Saturday, 15 November 2014

Farm Tour

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Farm Tour

It has been a little while since I have posted. I have been busy getting together photo's for this post. To give you more of an idea of how I live and how things work around the place, I would love to give you a farm tour!

Paddocks and Cattle
Having cows has been an amazing learning experience for both of us. When we bought our first couple of cows, we honestly just wanted to have a go, but we have  had no experience whatsoever with handling these funny animals!
We started of with a 3 year old Heiffer Angus/Brahman (Brangus) and a 7 month old little bull. The bull is meant for either selling or the butcher and the 3 year old Heiffer we want to use for investment to produce calves for us. Before we bought our 3 year old Heiffer, she had been with a bull in the paddock so we knew there was already a chance of pregnancy.
Over 2 months ago she gave birth to a beautiful little bull that has kept us all on our toes from birth till now! She has proven herself to be an incredible natural mum. Our cows share the paddock with two Angus cows, around one year old.
The house and land has previously been used for horses, so all the paddocks are fenced. We use electric fences as double protection. Unfortunately in this time of drought we have had to supplement their feeds with hay. As we have a cow who is producing milk for her little one, we have to make sure she get's enough nutritious food. Most of the paddocks have shelters and include water troughs that automatically fill with our bore water.
I'm not sure how I'm going to go with having one of these animals on my plate one day. If I really want this self-sufficient lifestyle though I better deal with it quickly and enjoy my T-bone, knowing what meat I am eating and what kind of life it has had.

We were blessed that our house had an existing chicken pen and roosting area. Right in the middle of the pen is a huge fig tree that hopefully is going to give us lots of fruit this year. We have 1 rooster and 8 laying hens at the moment. We are keen to increase our flock of birds and add some pure bread Australorps. Eventually we would love to have meat chickens in removable chicken tractors that will work the land for us.

Veggie Patch
At the moment we have a total of 40m2 of raised garden beds, divided into 4 beds of 10m2 each. Besides these raised beds, we have a patch of approx. 20m2 that we use for veggies as well. All our veggie patches are fenced as there are lots of rabbits and kangaroos around who would love to have a nibble of the juicy lettuces we grow!
Also fencing the veggie patch means our chickens can free range on the farm without ruining our harvest. We mainly grow our vegetables from seeds. Most of our seeds are Heirloom varieties.
Although we are not (yet) organic certified growers, we grow our veggies without the use of poisons, pesticides and only use natural fertilizers.
Our own little rule is that the main goal of the patch is to produce seasonal vegetables for our family to use. Our access we sell to friends and family.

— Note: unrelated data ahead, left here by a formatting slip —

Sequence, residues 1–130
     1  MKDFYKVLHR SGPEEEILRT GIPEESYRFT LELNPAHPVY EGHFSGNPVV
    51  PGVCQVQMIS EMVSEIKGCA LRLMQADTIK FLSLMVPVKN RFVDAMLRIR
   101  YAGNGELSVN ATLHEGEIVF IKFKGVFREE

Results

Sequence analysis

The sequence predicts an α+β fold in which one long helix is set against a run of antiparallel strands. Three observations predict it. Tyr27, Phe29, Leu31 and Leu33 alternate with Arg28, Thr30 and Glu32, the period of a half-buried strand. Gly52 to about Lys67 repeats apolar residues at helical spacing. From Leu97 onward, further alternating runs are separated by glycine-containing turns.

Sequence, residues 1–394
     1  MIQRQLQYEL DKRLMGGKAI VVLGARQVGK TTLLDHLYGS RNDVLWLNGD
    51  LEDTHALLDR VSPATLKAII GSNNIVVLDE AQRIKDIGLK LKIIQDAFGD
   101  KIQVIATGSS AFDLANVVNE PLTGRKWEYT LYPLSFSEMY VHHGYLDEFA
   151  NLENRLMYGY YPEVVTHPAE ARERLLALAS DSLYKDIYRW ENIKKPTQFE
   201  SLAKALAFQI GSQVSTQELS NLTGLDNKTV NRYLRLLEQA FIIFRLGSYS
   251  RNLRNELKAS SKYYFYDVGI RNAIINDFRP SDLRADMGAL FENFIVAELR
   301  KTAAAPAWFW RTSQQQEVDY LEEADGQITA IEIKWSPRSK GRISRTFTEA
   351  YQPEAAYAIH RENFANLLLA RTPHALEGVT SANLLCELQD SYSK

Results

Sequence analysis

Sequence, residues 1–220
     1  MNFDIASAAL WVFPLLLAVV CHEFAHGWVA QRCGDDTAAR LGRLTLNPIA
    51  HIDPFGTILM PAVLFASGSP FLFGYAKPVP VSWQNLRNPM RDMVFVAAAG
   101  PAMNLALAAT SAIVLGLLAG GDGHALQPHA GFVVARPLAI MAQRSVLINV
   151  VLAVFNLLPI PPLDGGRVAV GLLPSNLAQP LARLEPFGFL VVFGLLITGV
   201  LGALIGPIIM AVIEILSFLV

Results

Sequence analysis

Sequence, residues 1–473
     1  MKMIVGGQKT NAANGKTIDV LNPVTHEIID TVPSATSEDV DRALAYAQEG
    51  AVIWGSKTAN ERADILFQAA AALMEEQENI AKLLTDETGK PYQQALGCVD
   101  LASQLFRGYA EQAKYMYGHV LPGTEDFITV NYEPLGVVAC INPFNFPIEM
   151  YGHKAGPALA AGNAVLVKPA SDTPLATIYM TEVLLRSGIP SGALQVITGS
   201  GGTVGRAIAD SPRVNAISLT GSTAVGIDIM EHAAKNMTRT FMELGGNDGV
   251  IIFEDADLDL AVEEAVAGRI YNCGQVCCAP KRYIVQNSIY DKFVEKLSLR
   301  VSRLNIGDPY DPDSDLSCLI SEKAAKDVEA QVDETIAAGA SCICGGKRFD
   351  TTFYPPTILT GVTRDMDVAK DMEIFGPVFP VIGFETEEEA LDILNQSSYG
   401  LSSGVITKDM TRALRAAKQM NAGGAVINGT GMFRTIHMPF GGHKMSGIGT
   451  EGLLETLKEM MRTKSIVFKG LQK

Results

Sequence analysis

As we have lived in rentals for the previous 5 years, we have grown some fruit trees in large pots. All these fruit trees are dwarf varieties.
It was such a delight to finally give these fruit trees a permanent home and let them spread their roots into real soil.
We have created a dwarf fruit orchard close to the house that includes an Orange (kara kara), a pear, 2 blueberry bushes, a nectarine, peach, and a multigrafted apple tree (3 grafts).
A bit further from the house we are slowly creating our normal sized orchard. We would love to have lots of fruit and ultimately be self-sufficient in growing our own fruit. At the moment we have an apple, mandarin, cherry, lemon and fig tree. Through the seasons and the years we will be adding a lot more fruit trees to our collection!

When we first bought the house the gardens were very overgrown. It definitely showed signs of potential but you could see that the gardens hadn't been looked after for a while.
The front garden is devided by 2 long gardens with a drive way in between. The garden closes to the deck has a big bottle tree that gives us much needed shade on the deck. It also has a little pond.
I will share our front garden transformation in a future post.
The other 'front' garden closes to the road is a very overgrown and mainly infested by weeds and weeds and weeds. We have started clearing some trees to give us a better view from the deck. The garden has got an interesting mix of plants, shrubs and trees in it, but is mainly dominated by randomly placed roses, citrus trees, a macadamia nut tree and a mulberry tree. This garden needs a LOT of work and will be a future project to tackle.
On the side of the house we have created a rose garden. On this side of the house we have a lot of windows and when the windows are open we really enjoy the fragrance of these beautiful roses.

We have lots of ideas and dreams for our outdoor areas and gardens. We have to take it one step at the time. Sometimes I have to really chose to enjoy the slow process, but on the other hand it teaches me a great lesson. We know that we really work hard physically and financially for every little transformation of our house and gardens. This really gives us great fulfillment!

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